The Boston Red Sox will try to dethrone the Toronto Blue Jays, the 2015 A.L. East champions. How do the teams compare as of today in terms of starting pitching?
The champions to the north dominated the American League East, winning the division by six games ahead of the second place New York Yankees. The Red Sox were in the basement by 15 games. However, most people forget that before the big trades that former Blue Jays general manager Alex Anthopoulos made after the All-Star break Toronto sat in second-to-last place in the division. That was with A.L. MVP Josh Donaldson. It wasn’t until August 12th that the Blue Jays took the top spot and barely ever looked back.
With 2016 spring training almost upon us, things have changed. Rosters have changed. Standings start at zero, again. It’s a fresh start.
However, it would be foolish for Red Sox Nation not to recognize the fact that Toronto is now the bench mark for success in the division. Just how do the Red Sox stand up against their standard? If Boston wants to see the postseason this year, the Blue Jays will be the team that they must get past to guarantee a spot at potential glory.
Let’s look at how the two rotations stack up:
Possible Rotation for the Red Sox:
Possible Rotation for the Blue Jays:
Well, let’s face it: the Red Sox reached into the Blue Jays organization and ripped their best arm off of them. Price may have stumbled in the postseason for Toronto, but he sure didn’t during the regular season. He went 18-5 with a 2.45 ERA last year, with a 9-1 record and a 2.30 ERA once dawning a Toronto uniform.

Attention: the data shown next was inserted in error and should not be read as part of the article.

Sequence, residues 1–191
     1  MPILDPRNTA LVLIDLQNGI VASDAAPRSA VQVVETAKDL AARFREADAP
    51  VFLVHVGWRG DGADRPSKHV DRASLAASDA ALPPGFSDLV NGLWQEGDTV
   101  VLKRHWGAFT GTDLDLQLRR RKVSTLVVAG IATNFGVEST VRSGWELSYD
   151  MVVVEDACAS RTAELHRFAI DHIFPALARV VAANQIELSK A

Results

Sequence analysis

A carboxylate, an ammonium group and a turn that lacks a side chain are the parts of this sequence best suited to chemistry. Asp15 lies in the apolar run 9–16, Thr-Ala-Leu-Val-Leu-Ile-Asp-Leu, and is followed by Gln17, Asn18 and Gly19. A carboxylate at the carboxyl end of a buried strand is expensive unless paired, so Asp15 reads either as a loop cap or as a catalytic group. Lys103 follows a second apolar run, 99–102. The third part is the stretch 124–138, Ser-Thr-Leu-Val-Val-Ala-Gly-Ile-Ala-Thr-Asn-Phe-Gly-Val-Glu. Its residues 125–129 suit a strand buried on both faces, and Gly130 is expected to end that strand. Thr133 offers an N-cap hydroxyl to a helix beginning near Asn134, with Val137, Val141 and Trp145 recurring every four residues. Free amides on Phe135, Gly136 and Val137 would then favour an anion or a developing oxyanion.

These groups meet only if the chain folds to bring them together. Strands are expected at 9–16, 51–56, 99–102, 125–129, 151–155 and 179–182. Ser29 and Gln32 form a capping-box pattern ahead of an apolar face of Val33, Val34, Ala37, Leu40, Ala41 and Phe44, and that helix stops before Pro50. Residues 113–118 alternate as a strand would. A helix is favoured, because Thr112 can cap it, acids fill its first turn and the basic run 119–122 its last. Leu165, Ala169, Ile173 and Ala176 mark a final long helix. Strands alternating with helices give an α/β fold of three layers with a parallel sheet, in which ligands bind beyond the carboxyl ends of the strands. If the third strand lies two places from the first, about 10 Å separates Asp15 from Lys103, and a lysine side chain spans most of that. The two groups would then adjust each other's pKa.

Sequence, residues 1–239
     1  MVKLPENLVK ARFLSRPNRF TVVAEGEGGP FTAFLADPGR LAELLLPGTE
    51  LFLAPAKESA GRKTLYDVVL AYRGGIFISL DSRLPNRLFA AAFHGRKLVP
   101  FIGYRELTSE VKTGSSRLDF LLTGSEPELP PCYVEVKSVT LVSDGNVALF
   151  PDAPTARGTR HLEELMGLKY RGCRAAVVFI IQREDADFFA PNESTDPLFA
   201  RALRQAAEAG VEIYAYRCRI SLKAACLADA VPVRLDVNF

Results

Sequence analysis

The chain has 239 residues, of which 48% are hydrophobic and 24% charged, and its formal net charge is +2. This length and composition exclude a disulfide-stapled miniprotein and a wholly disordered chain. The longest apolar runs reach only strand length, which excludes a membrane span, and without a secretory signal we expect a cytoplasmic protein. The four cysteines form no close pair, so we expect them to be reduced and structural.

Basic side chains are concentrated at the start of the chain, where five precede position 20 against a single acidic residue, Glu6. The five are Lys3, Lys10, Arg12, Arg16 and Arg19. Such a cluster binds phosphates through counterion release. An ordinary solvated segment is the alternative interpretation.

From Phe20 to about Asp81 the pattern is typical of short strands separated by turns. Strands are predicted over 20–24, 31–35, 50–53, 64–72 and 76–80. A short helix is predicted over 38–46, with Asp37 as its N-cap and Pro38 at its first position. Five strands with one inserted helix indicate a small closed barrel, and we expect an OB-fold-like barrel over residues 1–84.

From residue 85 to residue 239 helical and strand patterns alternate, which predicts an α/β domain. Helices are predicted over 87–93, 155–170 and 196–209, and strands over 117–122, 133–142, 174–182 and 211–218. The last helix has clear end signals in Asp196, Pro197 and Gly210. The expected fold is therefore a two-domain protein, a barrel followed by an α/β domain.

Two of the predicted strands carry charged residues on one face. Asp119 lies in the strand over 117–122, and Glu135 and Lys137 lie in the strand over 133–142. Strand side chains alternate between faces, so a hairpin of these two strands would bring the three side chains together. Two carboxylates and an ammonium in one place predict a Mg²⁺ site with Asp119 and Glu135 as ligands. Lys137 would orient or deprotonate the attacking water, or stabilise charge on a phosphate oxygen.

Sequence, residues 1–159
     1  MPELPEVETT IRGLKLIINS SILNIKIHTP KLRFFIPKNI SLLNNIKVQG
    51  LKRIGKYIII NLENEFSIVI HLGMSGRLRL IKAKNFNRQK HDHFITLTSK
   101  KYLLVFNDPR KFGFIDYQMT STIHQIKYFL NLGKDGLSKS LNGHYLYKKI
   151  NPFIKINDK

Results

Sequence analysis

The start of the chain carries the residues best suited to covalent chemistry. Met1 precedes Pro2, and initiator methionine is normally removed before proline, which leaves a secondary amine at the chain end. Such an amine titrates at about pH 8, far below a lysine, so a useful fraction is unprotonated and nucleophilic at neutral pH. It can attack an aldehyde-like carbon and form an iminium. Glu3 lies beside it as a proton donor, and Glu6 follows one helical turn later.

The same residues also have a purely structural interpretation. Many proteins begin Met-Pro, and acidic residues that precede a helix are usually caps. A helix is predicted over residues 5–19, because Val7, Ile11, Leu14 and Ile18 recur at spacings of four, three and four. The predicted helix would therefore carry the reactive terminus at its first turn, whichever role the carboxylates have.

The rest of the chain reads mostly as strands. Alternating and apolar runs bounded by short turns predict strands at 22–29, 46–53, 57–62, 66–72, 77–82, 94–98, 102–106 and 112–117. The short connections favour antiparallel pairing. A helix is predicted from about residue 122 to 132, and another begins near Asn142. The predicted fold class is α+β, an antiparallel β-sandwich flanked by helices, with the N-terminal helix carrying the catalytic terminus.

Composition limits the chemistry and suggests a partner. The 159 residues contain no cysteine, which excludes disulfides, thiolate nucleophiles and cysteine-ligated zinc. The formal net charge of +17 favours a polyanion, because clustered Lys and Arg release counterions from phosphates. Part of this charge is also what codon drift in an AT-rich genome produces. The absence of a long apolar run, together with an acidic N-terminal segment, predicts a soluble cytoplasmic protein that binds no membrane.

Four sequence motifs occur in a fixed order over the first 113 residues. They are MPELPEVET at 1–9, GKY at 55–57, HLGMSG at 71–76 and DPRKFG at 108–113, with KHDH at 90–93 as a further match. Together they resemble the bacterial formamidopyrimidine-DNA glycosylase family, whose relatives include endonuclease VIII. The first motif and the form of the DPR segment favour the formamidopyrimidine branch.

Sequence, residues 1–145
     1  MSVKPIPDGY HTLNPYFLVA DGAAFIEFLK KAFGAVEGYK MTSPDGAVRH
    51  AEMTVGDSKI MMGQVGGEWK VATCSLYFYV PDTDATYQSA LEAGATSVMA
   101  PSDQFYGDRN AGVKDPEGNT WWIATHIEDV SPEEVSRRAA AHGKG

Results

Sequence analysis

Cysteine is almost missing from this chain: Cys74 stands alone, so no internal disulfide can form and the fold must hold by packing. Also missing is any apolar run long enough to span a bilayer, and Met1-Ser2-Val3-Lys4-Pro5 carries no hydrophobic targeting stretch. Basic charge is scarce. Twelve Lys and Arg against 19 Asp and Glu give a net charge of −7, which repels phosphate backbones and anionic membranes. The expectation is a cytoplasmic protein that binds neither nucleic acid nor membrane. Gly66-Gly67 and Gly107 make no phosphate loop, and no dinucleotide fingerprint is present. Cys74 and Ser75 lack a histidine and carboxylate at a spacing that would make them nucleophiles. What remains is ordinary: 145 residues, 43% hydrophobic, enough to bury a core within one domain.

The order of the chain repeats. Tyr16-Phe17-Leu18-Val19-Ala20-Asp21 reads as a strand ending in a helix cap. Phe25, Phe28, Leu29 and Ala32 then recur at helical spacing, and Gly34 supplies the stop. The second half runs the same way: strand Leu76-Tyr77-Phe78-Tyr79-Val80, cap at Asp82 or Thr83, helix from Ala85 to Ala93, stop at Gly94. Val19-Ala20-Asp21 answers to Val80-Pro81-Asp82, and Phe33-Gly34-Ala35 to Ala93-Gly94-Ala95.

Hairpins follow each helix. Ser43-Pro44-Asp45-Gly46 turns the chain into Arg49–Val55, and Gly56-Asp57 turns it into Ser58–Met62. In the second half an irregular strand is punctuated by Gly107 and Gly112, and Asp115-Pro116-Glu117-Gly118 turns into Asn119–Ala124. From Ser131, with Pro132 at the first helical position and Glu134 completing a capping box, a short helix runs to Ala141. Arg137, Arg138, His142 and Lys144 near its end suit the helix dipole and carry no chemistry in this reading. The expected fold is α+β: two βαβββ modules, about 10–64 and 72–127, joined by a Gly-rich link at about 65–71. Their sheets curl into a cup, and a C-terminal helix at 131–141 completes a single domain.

Mark Buehrle was their next best pitcher, with a 15-8 record, but that was his final season. Estrada poured it on in the second half of the season, especially during the postseason, but he admittedly struggled if Dioner Navarro was not his catcher. The two had great chemistry together that Estrada couldn’t seem to duplicate with Blue Jays catcher Russell Martin. Now, Navarro is on the Chicago White Sox, making some wondering how Estrada will do without him.
That leaves Marcus Stroman as Toronto’s new ace. While the StroShow is quite capable of dominating the competition, as he proved by earning a 4-0 record and a 1.67 after returning from a major injury early in the year, young Marcus will have to do much of the heavy lifting. With Chavez getting a fresh start in Toronto after a 7-15 record in Oakland, Happ returning after the Blue Jays had already deemed him expendable before, and Dickey being Dickey for 11 wins and 11 losses, Toronto will be nervous every time a pitcher not named Stroman is on the mound.
Not that it will be any different in Boston.
The names are pretty much the same for the Red Sox from last season, other than their ace, making Red Sox Nation nervous to have anyone other than Price on the mound. The hope is that Rodriguez will build on his success, and not tip pitches accidentally, to lower his 3.85 ERA in his sophomore season. If that happens and Kelly stays consistent, like the 8-0 record that he posted last August and September, then Buchholz’s health would be the only question mark from keeping Boston from having a solid starting rotation. That and which Porcello will appear: the one who posted a .547 win percentage for the Detroit Tigers or the 9-15 disaster in a Boston uniform.
Winner: Red Sox (on paper)
This decision is completely based on potential, and not at all on the nightmares that were seen last year in Fenway Park. If every man on the Red Sox starting rotation did what he is capable of, then the following rotation matchups should go as follows:
- Price over Stroman, in a low-scoring affair
- Buchholz over Estrada, with Estrada lacking the game-calling from Navarro
- Porcello over Dickey, if Porcello could bleed less runs than the aging knuckleballer
- Rodriguez over Happ, who was 4-6 with the Seattle Mariners before going 7-2 with the Pittsburgh Pirates
- Kelly over Chavez, if Kelly stays true to the end of last season and the fresh start for Chavez proves futile